Research and innovation

Research in neurology and neurological disease includes a wide range of approaches tackling basic neurobiology through to applied healthcare. From a health service perspective it is important to develop, establish and evaluate the best evidence to support patient care and therapy. Translational research is used to refer to research which directly involves patient evaluation.

Neurologists in research

Most consultant neurologists in the UK have spent time dedicated to research during their MD or PhD degree. There is a close relationship between research undertaken as a neurological trainee and development of subspecialty expertise. For example, a trainee who completes a PhD in multiple sclerosis (MS) therapeutics is likely to develop particular clinical expertise in MS and may support or lead an MS service as a consultant. Around 10% of consultant neurologists in the UK are employed by universities to pursue research and teaching in neurology and usually spend between 20 and 90% of their time on research. NHS neurologists participate in research in a variety of ways – from contributing to the British Neurological Surveillance Unit (BNSU) through to initiating and running multicentre studies. Usually NHS neurology research is carried out in supported professional activity (SPA) time or in specific additional sessions for research.

Types of research include:

  • systematic observational research – collecting clinical data and biosamples from patients with neurological disease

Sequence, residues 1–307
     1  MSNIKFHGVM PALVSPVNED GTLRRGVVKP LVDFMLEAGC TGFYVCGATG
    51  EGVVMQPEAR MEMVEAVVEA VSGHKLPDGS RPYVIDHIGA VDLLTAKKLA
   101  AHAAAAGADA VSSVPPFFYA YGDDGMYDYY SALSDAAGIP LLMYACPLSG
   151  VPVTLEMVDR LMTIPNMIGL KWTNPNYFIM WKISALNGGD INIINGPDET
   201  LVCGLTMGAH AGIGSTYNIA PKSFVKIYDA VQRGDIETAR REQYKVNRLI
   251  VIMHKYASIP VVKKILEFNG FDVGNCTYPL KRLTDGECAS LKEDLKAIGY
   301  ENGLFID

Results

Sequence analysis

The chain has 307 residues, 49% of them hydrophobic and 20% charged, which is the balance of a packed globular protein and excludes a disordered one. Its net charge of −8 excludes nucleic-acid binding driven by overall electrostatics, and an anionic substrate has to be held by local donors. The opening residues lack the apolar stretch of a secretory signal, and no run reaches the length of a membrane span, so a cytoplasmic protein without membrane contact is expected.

• epidemiological – studying the frequency, patterns and risk factors for disease
  • biological – studying neurobiology, using for example brain scans or cell models
  • clinical trials – studying the impact of disease interventions, usually in randomised controlled trials.

Information on research studies for specific diseases is available via the US clinical trials database  and the UK clinical trials gateway.

Support for research

Research is supported by the NHS National Institute for Health Research (NIHR) who fund clinical research nurses to help with trial recruitment, and a number of research programmes and support activities. Some centres have separately funded research nurses to assist with clinical research. Maintaining a portfolio of active research studies is an NHS priority. The Academy of Medical Sciences provides support and mentoring for junior academics. The Association of British Neurologists runs a clinical research training fellowship scheme and a national surveillance scheme for rare neurological diseases. Some centres host NIHR Biomedical Research Centres and Biomedical Research Units that enable themed research. 

Funding and commissioning

Research into neurological disease is an important priority for patients and patient charities (eg Alzheimer’s Society, Parkinson’s UK, Motor Neurone Disease Society) commission a significant amount of research in the UK. This encompasses laboratory research, small clinical projects and large multi-centre studies. Neurological research is also supported by the Medical Research Council and Wellcome Trust who fund both basic and applied/translational research and the NHS National Institute for Health Research who focus on translational research.

Patient engagement

Patient engagement in research is an important part of neurological research projects. Patient engagement is facilitated by patient charities and the NIHR clinical research network